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Conn. Advocates Kick Off Month Of Reentry Awareness

Bridgeport Mayor Joe Ganim addresses dozens of guests at the first virtual kick off event for reentry advocacy in February.
Cassandra Bassler
WSHU Public Radio
Bridgeport Mayor Joe Ganim addresses dozens of guests at the first virtual kick off event for reentry advocacy in February.

A new coalition working to help make life easier for people starting over after incarceration has kicked off a month of advocacy events. The Connecticut Reentry Collaborative Policy Working Group wants people who served their time to begin with a clean slate — and they support legislation to do just that.

The Connecticut Reentry Collaborative Policy Working Group, established this year, is made up of service providers and advocates who support progressive reentry policy in Connecticut.

More than 100 advocates and members of the reentry community joined the virtual event Thursday evening. Their goals are to consolidate and coordinate the efforts of stakeholders working on behalf of returning citizens statewide. They discussed how lawmakers could help remove barriers people face when they return home from behind bars.

New Haven Mayor Justin Elicker celebrated the opening of a one-stop-shop reentry center in Wooster Square. He said it will serve the 900 people who return to the city from incarceration each year.

“When you think about that number it’s astonishing,” Elicker said. “Over 10 years, that’s around 7% of New Haven’s population that are returning citizens. And people that are returning have all kinds of barriers that are put up…”

Elicker said the center will help people with conviction records navigate barriers to housing, employment and health services. He wants more state funding to help.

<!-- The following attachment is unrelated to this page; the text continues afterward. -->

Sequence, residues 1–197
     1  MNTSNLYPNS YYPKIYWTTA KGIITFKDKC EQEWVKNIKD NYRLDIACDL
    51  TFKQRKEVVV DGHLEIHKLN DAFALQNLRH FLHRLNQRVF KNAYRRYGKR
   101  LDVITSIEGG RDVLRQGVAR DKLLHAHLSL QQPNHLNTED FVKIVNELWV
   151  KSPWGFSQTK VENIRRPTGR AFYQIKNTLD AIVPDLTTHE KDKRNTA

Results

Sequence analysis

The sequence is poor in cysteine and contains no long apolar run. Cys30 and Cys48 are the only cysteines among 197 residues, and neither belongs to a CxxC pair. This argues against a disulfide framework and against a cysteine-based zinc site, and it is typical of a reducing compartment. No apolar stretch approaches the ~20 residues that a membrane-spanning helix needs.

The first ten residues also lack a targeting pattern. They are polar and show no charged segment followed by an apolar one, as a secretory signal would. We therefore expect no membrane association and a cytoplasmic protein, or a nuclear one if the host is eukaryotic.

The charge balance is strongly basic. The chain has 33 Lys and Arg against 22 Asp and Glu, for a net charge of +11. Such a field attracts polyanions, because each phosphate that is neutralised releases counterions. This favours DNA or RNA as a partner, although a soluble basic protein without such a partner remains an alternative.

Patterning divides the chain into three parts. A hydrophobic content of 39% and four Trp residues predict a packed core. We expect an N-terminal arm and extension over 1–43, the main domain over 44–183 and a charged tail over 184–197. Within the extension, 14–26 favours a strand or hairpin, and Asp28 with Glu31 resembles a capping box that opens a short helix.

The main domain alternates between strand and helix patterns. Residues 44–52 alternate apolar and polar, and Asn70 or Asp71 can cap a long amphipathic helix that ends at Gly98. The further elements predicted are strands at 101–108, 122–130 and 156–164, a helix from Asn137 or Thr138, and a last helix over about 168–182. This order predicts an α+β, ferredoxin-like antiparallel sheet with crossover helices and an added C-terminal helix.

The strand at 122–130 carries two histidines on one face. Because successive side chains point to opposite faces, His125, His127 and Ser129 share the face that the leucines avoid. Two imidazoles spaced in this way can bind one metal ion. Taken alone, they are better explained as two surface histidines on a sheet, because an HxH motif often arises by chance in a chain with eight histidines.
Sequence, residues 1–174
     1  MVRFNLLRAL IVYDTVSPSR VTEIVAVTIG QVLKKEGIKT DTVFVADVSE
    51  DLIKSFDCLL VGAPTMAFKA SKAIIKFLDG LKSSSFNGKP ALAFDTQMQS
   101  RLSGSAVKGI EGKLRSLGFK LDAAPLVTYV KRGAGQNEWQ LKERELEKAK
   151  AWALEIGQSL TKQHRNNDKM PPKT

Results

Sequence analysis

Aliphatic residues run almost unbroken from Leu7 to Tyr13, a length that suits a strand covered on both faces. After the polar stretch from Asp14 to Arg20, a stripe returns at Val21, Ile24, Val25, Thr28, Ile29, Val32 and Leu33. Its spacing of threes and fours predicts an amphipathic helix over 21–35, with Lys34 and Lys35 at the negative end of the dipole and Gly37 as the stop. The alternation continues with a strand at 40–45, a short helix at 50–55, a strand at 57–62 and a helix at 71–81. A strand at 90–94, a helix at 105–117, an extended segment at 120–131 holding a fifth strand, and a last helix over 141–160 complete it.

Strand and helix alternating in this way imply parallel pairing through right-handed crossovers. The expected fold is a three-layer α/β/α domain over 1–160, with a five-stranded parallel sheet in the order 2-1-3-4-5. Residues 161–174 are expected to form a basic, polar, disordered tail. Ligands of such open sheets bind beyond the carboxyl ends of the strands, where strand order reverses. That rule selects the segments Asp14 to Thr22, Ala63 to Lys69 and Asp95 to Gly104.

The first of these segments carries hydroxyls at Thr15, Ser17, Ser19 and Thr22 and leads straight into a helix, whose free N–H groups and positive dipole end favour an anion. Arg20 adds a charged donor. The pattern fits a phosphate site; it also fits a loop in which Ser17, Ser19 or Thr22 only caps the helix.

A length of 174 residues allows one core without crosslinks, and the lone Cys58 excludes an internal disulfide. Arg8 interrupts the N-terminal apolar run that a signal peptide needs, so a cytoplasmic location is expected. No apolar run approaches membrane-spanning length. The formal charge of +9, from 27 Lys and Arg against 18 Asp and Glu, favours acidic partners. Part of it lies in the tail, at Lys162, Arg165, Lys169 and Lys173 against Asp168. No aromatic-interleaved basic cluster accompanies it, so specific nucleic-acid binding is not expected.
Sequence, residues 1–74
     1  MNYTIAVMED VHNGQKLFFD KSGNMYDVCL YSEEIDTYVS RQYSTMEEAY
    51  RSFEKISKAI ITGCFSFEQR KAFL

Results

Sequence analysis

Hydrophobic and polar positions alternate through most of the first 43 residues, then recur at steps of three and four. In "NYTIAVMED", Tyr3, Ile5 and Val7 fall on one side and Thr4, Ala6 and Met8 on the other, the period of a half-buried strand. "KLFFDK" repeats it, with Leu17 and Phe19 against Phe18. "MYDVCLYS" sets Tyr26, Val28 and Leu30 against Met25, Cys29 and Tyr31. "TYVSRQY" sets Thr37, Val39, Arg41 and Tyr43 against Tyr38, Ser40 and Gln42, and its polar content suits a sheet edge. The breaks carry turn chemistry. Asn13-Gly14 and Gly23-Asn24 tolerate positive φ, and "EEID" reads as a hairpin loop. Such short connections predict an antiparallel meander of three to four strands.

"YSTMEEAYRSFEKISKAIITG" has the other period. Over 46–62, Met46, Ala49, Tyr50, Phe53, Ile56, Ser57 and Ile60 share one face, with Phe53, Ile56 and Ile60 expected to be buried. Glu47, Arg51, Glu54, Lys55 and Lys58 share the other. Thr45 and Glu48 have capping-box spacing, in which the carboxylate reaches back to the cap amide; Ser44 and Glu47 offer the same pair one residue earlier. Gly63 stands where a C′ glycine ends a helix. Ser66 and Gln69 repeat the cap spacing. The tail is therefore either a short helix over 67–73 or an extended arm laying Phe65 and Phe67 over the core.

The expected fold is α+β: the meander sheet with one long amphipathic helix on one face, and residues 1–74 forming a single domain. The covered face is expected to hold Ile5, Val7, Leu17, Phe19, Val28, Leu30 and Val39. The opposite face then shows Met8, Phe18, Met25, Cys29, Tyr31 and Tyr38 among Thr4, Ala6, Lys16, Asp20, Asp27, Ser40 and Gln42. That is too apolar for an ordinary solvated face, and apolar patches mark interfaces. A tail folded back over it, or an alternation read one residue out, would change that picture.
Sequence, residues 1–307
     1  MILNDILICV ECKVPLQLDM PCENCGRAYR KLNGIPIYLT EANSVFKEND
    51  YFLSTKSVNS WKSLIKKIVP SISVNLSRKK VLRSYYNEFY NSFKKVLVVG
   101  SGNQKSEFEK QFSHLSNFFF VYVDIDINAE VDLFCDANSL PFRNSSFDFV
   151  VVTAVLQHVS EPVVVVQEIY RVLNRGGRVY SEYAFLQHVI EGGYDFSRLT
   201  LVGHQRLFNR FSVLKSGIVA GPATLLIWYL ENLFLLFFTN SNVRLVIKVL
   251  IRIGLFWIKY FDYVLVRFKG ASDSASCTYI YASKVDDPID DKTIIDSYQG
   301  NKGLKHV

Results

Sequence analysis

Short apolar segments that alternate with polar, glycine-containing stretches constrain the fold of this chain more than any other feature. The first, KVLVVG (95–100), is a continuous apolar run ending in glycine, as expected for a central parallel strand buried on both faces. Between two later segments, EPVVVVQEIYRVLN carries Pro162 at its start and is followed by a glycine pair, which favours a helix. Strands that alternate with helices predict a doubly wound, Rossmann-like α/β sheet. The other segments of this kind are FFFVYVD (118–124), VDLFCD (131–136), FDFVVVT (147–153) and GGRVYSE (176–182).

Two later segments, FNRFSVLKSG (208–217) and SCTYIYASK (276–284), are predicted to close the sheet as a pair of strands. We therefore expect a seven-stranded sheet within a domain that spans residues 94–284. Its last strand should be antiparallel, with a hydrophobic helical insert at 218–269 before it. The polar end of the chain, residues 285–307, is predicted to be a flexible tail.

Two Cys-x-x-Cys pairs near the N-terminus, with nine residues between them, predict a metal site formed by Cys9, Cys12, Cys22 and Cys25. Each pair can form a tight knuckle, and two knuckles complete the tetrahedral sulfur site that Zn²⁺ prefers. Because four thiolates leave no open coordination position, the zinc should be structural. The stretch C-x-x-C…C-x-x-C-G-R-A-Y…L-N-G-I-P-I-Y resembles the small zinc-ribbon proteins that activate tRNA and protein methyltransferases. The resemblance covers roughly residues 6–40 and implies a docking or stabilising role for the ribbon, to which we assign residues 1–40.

Bridgeport Mayor Joe Ganim applauded the reentry center. He also said he supports the collaborative’s proposed “clean slate” legislation, which would expunge records for some upon release. Ganim spoke about his own experience coming home after seven years in federal prison.

“Even someone who comes from a very large family, not without means, well known, I met obstacles coming back myself,” Ganim said. “They weren’t anywhere near some of the challenges that other individuals have. Whether it’s difficulty getting established with housing discrimination, or substance abuse, but they’re there nonetheless.”

Ganim was convicted of steering city contracts in exchange for gifts during his first tenure as Bridgeport mayor, from the early 1990s to 2000s. He apologized and won reelection as mayor of Bridgeport in 2015 and 2019.

Cassandra Basler, a former senior editor at WSHU, came to the station by way of Columbia Journalism School in New York City. When she's not reporting on wealth and poverty, she's writing about food and family.